Sth Auck Gets Electric Ready


It’s South Auckland’s turn to get ready for Auckland’s new electric trains arriving 2013-14.

Work starts on Monday on rebuilding six bridges in Manukau and Papakura so they can cope with the clearance needed for lines required for train electrification.

The work continues until next March and will include some weekend trains being replaced by buses.

Some of the grunty work will be done during the Christmas- New Year closedown of rail services.

Then next year we hopefully will start seeing some of the 3500 masts that needed to be erected for the electrification.

Here is how that will look in Auckland, according to KiwiRail:

Papatoetoe’s St George St:
This will be completely rebuilt and at the same time widening the road to include cycle lanes.

The project will be carried out in two stages:

Stage 1
Starts next week for six weeks.  It involves piling in the rail corridor and construction of new bridge abutments.  Bridge width will be reduced to allow a single lane of traffic in each direction.

Stage 2
Starts Boxing Day 2010 for three weeks.  Demolition of existing bridge and construction of new bridge.  Road closed at the bridge.

Papatoetoe’s Bridge St:

This will be completely rebuilt and at the same time widening the bridge to improve pedestrian access and provide extra space for cars and cyclists.

The project will be carried out in two stages:

Stage 1
Works will start in late October/early November.  The road will be closed for 3-4 weeks in November to allow the piling and the new bridge abutments to be constructed.

Stage 2
The road will be closed for three weeks from Boxing Day onwards to allow demolition of the existing bridge and construction of the new bridge.
Manurewa’s Jutland Rd bridge:
This has to be completely rebuilt.

This will happen  October 4 –  November  21. There will be full road closure throughout to allow piling, construction of new abutments, removal and reconstruction of the bridge to be completed and the road reopened before work begins at Browns Road and Station Road. Pedestrian and traffic detours will be in place.
Browns Road in Manurewa:
This also has to be completely rebuilt and at the same time, improvements to the roads to provide better access for pedestrians and cyclists.

Stage 1
October 11- 31.  The road will remains open enabling works within and adjacent to the rail corridor.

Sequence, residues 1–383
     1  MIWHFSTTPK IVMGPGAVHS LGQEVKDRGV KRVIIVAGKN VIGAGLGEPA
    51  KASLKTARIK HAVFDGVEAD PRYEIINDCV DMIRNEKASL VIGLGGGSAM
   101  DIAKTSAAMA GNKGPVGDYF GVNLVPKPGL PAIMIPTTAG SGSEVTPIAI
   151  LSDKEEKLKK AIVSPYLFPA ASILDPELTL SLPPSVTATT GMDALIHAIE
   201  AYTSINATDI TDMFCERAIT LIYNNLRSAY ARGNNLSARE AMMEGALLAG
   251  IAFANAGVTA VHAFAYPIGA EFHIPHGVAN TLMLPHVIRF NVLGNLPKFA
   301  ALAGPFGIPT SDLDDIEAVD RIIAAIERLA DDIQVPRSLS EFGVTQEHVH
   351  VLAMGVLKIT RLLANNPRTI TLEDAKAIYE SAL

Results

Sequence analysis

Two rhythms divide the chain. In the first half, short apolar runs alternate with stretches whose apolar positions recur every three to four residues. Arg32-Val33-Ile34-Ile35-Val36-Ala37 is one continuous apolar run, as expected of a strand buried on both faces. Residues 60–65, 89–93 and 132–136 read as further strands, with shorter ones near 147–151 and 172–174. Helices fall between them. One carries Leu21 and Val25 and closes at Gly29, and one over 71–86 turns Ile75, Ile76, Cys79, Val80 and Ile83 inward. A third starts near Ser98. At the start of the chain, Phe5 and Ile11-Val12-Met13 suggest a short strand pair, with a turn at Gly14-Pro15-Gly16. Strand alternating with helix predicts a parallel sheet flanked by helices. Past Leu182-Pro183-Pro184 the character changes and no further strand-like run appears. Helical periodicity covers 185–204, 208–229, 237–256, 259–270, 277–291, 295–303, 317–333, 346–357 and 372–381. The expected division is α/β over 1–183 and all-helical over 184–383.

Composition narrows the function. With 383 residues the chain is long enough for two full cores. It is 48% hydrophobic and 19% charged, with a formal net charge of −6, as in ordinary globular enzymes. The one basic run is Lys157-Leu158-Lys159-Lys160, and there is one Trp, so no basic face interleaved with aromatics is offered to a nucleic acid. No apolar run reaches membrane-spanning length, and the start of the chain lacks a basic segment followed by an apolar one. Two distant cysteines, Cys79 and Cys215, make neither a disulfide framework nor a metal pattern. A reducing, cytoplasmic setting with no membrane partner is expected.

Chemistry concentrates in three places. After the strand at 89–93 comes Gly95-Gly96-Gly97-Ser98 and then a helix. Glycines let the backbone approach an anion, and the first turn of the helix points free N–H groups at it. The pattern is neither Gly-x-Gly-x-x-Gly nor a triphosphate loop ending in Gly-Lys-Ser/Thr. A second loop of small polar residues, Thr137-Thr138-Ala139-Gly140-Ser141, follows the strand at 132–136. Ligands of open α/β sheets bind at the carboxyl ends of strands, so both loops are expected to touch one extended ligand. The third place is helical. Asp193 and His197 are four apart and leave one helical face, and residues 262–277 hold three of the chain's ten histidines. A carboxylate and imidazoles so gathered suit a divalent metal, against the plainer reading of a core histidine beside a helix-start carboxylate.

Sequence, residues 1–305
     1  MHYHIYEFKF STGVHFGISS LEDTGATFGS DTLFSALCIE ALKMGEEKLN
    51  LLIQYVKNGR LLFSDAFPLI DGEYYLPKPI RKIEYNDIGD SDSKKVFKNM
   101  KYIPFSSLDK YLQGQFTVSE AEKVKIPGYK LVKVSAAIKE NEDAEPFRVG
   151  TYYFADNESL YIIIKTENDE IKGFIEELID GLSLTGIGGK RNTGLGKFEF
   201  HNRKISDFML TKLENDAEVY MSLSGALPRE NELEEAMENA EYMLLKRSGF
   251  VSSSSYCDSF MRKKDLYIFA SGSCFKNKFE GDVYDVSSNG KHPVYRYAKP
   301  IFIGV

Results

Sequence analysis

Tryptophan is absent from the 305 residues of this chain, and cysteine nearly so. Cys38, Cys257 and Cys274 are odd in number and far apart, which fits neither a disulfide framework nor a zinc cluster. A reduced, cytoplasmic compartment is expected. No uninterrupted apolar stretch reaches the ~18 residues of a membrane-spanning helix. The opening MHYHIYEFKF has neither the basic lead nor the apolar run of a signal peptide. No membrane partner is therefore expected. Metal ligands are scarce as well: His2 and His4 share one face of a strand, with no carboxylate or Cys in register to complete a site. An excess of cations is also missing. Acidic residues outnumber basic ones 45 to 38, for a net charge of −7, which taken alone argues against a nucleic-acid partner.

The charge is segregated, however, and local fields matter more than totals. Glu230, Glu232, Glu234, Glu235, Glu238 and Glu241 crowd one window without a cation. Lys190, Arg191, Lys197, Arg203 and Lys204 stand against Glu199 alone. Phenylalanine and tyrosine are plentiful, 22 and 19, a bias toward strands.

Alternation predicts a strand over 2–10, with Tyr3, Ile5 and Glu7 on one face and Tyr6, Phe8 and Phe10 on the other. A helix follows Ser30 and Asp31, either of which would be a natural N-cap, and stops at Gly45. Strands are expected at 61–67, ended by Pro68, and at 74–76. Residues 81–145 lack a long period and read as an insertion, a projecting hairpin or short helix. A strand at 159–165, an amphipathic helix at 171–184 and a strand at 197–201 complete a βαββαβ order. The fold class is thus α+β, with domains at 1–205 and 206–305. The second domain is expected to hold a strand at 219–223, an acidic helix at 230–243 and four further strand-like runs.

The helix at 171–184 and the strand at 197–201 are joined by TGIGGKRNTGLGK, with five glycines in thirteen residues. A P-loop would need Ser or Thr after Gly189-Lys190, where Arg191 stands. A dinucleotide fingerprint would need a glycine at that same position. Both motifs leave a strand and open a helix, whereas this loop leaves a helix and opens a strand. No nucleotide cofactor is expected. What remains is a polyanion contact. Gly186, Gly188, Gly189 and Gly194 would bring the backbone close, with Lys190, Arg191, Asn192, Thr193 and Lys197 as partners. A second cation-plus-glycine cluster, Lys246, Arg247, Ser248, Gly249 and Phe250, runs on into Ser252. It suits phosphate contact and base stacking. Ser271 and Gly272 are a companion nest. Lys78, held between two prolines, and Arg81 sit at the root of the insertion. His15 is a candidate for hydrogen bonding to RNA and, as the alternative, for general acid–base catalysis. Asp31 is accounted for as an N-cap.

Stage 2
26 December – February 2011. The road will be completely closed for this duration. Pedestrian and traffic detours will be in place.

Manurewa’s Station Rd:

This will also be completely rebuilt and at the same time, improvements to the roads to provide better access for pedestrians and cyclists.

Stage 1
November 15 - 30 will see enabling works at road level and lane closures over the bridge.

Stage 2
December 26  – February 2011 sees the removal and reconstruction of bridge. Road  will  be closed for duration. Pedestrian and traffic detours will be in place.




  1. Ian M says:

    Are any of these bridges going to also be widened so that another 1 or 2 tracks can be installed in the future?

  2. Anthony M says:

    So to which stations will the lines be electrified on each line?

  3. Matt L says:

    Ian - The definitely should but whats the bet they won’t. It was probably cut from the budget.

    Anthony - All lines will be electrified between Swanson and Papakura (including Onehunga)

  4. Nick R says:

    Increasing the length of the span for extra tracks would require rebuilding the abutments as well as the bridge, so probably not very likely.

  5. rtc says:

    Future proofing like this probably would have been possible if we had the petrol tax money flowing in, as it is the budget for electrification is so tight that a lot of network upgrades have been put on hold, only the bare minimun can be afforded thanks to Joyce’s cost cutting.

  6. Matt L says:

    Nick they will all need new abutments as they need to be higher, in Jon’s article above many of them mention new piling and abutments being built.

    rtc - The regional fuel tax was only to pay for the new trains not the infrastructure. That was always to be paid for by the government. In saying that, from memory the initial electrification plans some additional network upgrades in it like Kiwirail installing a third line in from Puhunui to Westfield ($26 mil) and grade separating the Westfield junction ($7 mil). I think these were cut by the government but I assume that Kiwirail still wants to do them so they might still build the bridges to be able to handle it.

  7. Andrew says:

    I don’t know why they’re rebuilding Bridge St in Puhinui. Why not just make Puhinui Road go straight through by building a bridge there? Ive never understood why traffic has to go up and around bridge st when Puhinui road is such an important arterial route through to the airport.

  8. Ian M says:

    What a shame, again a lack of foresight. Am currently messaging from the comfort of a train from Glasgow to Aberdeen in a modern diesel train, travelling near 80 mph. What a shame NZ couldnt by half a dozen of these and put them on the Akl-Ham-Rotorua and Tauranga routes! No need to electrify that route when these diesels are perfectly fine.

  9. Scott says:

    @Ian M